House Committee Narrowly Approves FY 17 Budget Resolution
Floor Action Postponed Until After Spring Recess
March 18, 2016
On March 16, the House Budget Committee narrowly approved a fiscal year 2017 budget resolution that would preserve the $1.07 trillion discretionary spending limit for fiscal year 2017 – the level set by last fall’s two-year budget deal (PL 114-74). While rank-and-file members appear to generally support the resolution’s top-line spending figure, members of the conservative House Freedom Caucus are demanding a return to the previous, lower budget caps. As such, they are seeking to reduce fiscal year 2017 spending by $30 billion. Leaders from both parties agree that such a move could ultimately derail this year’s appropriations process.
In an effort to quell some of the backlash, GOP leaders plan to advance a stand-alone package, or “side car,” that would cut at least $30 billion from mandatory spending programs over the next two years and $140 billion over a decade. The budget also would use a special procedural tool called reconciliation to find additional ways to reduce federal spending. According to Budget Committee Chairman Tom Price (R-GA), the plan would eliminate federal deficits over the next decade, largely by overhauling a number of entitlement programs and repealing the Affordable Care Act (ACA).
It should be noted that the aforementioned approach has been criticized by members of the House Freedom Caucus, who do not believe that such legislation could clear the Senate. Even with approval by the upper chamber, President Obama would undoubtedly veto the bill. Given the continued uncertainty surrounding the prospects of the House budget, Speaker Paul Ryan (R-WI) announced this week that floor consideration of the resolution would be postponed until sometime after the upcoming spring recess.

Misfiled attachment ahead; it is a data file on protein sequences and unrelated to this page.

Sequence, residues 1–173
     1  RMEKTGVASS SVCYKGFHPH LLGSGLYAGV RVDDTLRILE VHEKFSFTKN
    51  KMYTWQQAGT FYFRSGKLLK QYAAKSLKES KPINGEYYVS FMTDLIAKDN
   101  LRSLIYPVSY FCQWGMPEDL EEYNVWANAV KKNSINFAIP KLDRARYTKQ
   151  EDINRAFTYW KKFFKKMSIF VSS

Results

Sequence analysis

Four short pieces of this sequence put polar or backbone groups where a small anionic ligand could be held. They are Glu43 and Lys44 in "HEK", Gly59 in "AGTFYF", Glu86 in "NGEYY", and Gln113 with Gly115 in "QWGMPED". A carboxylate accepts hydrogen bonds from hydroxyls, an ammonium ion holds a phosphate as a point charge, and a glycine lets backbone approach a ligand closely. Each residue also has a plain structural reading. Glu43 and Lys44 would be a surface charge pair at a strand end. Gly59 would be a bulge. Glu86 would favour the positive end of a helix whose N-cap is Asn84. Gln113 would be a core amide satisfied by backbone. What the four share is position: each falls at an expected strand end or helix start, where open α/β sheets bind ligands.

In the meantime, two House committees considered legislation this week that aims to achieve the aforementioned mandatory spending cuts. On March 15, the Energy and Commerce Committee approved a measure (HR 4725) that would allow more lottery winnings to be counted as income for the purposes of determining Medicaid eligibility. In addition, the bill would reduce Medicaid reimbursement rates for prisoners and reduce the federal matching rate for the State Children’s Health Insurance Program (CHIP). The measure is designed to achieve approximately $25 billion in deficit reduction over the next ten years.
For its part, the Ways and Means Committee approved a separate package of mandatory spending cuts designed to achieve an estimated $98 billion in savings over the ensuing decade. One proposal (HR 4722) would require individuals to use a Social Security number – rather than an individual taxpayer identification number (ITIN) – to claim a refund under the Child Tax Credit. The panel also approved legislation (HR 4723) that seeks to recover health insurance subsidy overpayments. Finally, the committee advanced a bill (HR 4724) that would repeal the Social Services Block Grant (SSBG) program.
Across Capitol Hill, it is unclear if Senate Republicans will pull together their own budget blueprint. Amidst the uncertainty, Majority Leader Mitch McConnell (R-KY) has indicated that the upper chamber will begin moving forward with consideration of the 12 individual spending bills written at the $1.07 trillion level.